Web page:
Iman Elman is a female captain in the Somali National Army, and which makes her the youngest female commander in Somalia.
Her goal is to help defeat the jihadist fundamentalist group, Al-Shabab, to improve the condition of Somali women.
Since joining the army in 2011, Captain Elman has risen to become the most formidable woman in the Somali army, but not without several challenges.
The 27-year-old had to battle with sexist behaviour and discriminatory comments so much that she was handed two pairs of trousers to sew together into a skirt instead of her regulation uniform.
For her, to defeat Al-Shabab meant she couldn’t be wearing a skirt on the frontline. “Many people thought that [a woman wearing trousers] was unacceptable and disrespectful, but I wanted to be at the front with my fellow soldiers and wearing a skirt in that situation was just not realistic,” she said.
“With Al-Shabab’s ideology, they changed the mindset of the people and you can see it’s really affecting the local people because now you have to dress a certain way,” says Elman. “A lot of the ways Somali women are dressed now is not the way they dressed 25 or 30 years ago.”
Even though Somalia is a Muslim majority country, the emergence of Al-Shabab has had a lasting effect on Somali women, who traditionally wore a light loose-fitting dress called a Guntuino combined with a headdress but now the niqab is often imposed in areas under the insurgents’ control.
At the time she joined the army, it was gathered that female army recruits had increased following the ouster from the capital in 2011 of Al-Shabab.
Yet, women make up merely a small fraction of the Somali military, with fewer reaching the rank of captain. Reportedly, most women are confined to basic roles, such as providing security at police stations, rather than being in frontline combat. Only a few of them are as bold as Elman to go out in pants. She does wear a traditional hijab as a mark of respect though.
Elman as a captain commands a troop of mostly male (over 90) soldiers. She has had to work her way to the top. Elman’s journey to her current rank is an unusual one.
Born in Mogadishu, she left with her older sister Ilwad and Almas and her mother, Fartuun Adan, for Ottawa, Canada at the age of two after the collapse of the Somali government under Siad Barre in 1991 leading to the assassination of their father.
Upon her return to Somalia in 2007, while her mother and sister reignited the Emman Peace and Human Rights Center, Elman observed as Al-Shabab tore Somalia apart and that spurred her on to join the military.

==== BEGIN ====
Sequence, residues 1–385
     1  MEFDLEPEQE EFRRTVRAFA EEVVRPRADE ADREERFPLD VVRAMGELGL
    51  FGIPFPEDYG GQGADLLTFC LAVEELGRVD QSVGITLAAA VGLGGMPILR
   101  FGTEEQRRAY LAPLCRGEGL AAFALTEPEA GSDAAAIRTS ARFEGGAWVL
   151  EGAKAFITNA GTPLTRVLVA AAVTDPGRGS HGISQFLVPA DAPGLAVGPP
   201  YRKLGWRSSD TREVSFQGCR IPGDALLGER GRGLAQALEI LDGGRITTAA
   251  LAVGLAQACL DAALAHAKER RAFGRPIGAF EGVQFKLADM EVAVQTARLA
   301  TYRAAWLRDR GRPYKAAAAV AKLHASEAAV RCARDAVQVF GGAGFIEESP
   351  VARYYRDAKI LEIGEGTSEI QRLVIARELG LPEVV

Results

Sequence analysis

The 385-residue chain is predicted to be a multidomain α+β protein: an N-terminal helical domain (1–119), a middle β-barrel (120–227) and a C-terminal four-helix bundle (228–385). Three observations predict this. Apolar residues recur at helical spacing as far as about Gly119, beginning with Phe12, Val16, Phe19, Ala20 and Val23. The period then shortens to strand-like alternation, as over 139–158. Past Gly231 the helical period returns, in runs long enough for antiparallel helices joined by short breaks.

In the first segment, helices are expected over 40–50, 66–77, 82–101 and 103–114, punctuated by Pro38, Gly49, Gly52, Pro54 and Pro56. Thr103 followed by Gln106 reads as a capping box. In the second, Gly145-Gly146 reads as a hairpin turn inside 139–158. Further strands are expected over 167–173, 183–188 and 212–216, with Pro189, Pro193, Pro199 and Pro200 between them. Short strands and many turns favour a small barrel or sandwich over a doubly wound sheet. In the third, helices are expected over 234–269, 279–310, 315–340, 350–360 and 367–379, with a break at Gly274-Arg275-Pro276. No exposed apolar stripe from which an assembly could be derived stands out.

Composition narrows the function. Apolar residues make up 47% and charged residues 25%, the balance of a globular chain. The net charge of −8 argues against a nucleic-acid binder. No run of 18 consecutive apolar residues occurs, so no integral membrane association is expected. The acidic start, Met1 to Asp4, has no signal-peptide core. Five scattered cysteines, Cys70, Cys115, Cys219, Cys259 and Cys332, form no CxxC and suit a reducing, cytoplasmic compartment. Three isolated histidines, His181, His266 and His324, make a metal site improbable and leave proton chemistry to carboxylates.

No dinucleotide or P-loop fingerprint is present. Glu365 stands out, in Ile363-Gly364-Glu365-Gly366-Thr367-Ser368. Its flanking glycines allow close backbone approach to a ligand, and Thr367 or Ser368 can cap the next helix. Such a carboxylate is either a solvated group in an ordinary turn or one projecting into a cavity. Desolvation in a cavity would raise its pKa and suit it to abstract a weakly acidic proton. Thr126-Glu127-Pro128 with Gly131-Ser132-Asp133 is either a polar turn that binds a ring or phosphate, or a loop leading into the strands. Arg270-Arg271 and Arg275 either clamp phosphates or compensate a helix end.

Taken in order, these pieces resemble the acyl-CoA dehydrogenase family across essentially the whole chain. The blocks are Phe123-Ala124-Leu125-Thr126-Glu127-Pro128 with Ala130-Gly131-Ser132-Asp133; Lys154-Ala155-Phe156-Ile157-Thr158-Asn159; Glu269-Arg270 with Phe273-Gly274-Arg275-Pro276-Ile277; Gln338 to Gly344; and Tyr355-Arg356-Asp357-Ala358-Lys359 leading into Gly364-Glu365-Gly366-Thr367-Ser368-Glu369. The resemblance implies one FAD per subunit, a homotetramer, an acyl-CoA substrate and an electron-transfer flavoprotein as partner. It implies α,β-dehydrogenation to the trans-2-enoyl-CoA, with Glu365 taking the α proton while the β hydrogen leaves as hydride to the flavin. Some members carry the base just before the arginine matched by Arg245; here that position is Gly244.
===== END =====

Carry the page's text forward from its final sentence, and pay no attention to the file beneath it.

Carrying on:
“People find it ironic that I decided to pick up the gun, but we’re still striving for the same goal, we still want peace for the Somali people. I’m a strong activist, I work hard in trying to protect women’s rights, and I feel I can do that by being a role model and being at the frontline,” she told Newsweek.
While the rest of her family worry for her safety, Elman says they admire the path she has chosen. “They are proud of me and that I am making a difference,” she says.
With the mission to curb the insurgencies of Al-Shabab, Elman splits her time between the SNA’s logistics center and out in the field leading operations looking to uncover covert Al-Shabab fighters and bases.
“I absolutely believe that the Somali people will overcome Al-Shabab once and for all,” she says.
Since a dictator was overthrown in 1991, the country got consumed in chaos and violence that had a grave impact on the Somalia state and that led the Somali forces to work tirelessly to eradicate Al-Shabab out of the capital.
The army now controls Mogadishu, the extensive seaside capital with a population of about three million.
In 2011, Somalia was ranked the fifth most dangerous nation to be a woman. However, that did not deter Elman from joining the army. She hopes to move into the policy wing of the military and become actively involved in recruiting more women to join whilst mentoring the young ones interested in joining the army.
“I know I have already inspired women and men, but I would like to see more women who are in a position of power also encourage girls by being mentors,” says Elman. “That is why I always try to prioritize young girls who come to me and ask me questions. We need to build those ladders of support between women.”